September 21, 2011
Wednesday September 21, 2011
25 Van Ness Avenue, Suite 70
Commissioners Present: Lorraine Garcia-Nakata, Greg Chew, PJ Johnston, Dorka Keehn, Barbara Sklar.
Staff Present: JD Beltran, Mary Chou, Allison Cummings, Carol Marie Daniels, Marcus Davies, Jennifer Lovvorn, Jill Manton, Kate Patterson, Susan Pontious, Zoë Taleporos.
Note: All votes are unanimous unless recorded otherwise.
The meeting commenced at 3:01 p.m.
1. Consent Calendar
1. Motion to approve an artist honorarium in the amount of $1500 to Bert Bergen for his curatorial and artistic contributions to an SFAC Gallery exhibition about silk-screening in the Bay Area scheduled for exhibition at San Francisco City Hall.
2. Motion to approve an artist honorarium in the amount of $2000 to both Reenie Charriere and Tahiti Pehrson for their artistic contributions to upcoming SFAC Gallery exhibitions at our window installation site at 155 Grove Street.
3. Motion to approve an artist honorarium in the amount of $1200 to each of the following artists that will be participating in an exhibition at the SFAC Gallery: Luca Antonucci, Jonathon Keats, Philip Ross, Heather Sparks and Gail Wight.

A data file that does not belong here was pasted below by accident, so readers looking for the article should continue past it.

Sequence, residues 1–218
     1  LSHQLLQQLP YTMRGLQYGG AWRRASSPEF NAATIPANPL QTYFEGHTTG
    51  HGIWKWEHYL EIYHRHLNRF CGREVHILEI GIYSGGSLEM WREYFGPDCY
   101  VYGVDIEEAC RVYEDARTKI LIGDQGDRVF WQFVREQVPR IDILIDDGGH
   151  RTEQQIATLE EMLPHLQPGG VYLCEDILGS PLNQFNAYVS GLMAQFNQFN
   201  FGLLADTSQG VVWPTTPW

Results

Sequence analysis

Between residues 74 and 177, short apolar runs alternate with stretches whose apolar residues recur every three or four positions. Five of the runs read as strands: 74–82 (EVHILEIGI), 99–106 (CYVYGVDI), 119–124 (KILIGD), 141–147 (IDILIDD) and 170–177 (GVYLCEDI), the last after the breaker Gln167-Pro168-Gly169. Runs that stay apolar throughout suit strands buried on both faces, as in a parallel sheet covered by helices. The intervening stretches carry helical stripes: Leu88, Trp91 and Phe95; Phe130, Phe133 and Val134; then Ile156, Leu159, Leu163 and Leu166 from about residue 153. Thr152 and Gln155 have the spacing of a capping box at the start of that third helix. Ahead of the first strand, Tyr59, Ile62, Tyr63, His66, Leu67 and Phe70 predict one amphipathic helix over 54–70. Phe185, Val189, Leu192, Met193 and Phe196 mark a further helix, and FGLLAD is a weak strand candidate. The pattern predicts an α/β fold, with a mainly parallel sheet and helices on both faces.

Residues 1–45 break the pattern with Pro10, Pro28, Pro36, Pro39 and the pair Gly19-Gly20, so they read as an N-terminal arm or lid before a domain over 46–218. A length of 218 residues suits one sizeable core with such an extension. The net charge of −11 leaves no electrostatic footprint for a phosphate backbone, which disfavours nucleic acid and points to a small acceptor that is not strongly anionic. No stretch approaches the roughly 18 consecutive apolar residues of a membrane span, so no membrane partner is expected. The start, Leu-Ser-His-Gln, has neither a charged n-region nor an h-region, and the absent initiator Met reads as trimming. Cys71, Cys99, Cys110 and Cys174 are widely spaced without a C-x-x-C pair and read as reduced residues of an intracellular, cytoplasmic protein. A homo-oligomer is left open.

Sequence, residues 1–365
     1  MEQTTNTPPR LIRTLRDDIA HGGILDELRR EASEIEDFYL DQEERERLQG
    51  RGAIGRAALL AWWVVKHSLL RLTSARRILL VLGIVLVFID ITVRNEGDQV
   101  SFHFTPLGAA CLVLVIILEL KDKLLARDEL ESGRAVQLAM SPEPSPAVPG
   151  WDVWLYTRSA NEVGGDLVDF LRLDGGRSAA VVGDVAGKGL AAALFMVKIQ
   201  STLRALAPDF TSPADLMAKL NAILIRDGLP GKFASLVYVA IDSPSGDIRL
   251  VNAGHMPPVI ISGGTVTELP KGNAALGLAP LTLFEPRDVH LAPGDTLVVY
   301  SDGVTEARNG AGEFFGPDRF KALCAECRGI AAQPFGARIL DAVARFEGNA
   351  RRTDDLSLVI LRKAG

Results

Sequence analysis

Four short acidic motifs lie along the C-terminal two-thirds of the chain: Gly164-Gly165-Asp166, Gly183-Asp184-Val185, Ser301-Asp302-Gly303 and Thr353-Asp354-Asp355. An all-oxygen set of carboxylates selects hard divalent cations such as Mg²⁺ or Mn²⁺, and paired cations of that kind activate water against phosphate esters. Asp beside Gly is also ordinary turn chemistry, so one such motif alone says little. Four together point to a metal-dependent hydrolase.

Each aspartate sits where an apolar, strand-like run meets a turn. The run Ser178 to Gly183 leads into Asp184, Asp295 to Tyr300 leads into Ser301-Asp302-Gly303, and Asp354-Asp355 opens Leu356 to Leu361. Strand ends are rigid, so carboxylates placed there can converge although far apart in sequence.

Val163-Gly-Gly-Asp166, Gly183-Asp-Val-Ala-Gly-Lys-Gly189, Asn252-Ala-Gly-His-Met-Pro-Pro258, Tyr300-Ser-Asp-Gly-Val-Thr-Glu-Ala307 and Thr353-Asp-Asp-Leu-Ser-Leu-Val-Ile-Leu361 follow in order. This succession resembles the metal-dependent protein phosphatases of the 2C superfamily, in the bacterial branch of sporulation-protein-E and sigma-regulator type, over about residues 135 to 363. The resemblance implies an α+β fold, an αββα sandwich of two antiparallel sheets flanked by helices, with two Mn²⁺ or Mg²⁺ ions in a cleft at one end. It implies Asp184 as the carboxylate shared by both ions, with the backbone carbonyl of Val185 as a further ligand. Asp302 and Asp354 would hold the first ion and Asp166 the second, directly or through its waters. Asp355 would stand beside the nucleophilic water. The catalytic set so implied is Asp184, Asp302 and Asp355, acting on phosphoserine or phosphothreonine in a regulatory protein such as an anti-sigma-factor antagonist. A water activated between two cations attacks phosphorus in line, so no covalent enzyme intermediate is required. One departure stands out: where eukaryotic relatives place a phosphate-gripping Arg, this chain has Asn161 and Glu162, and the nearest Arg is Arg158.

4. Motion to authorize the Director of Cultural Affairs to increase the contract amount with artist Colette Crutcher by $3,000 for a total contract amount not to exceed $38,000 for design, fabrication, transportation and installation/consultation during installation of the exterior artwork for the new Chinese Recreation Center.
5. Motion to approve, Safe Passage, a stenciled pavement mural along 11 designated ‘safe’ city blocks in the Tenderloin neighborhood. The mural is designed by Sylvester Guard and the late John Janois. The project is sponsored by the North of Market/ Tenderloin Community Benefit District.
Motion: Motion to approve consent calendar items.
2. Central Subway
A. Chinatown Station – Landmark Artwork (Artist Yumei Hou)
Staff Report: Yumei Hou Contract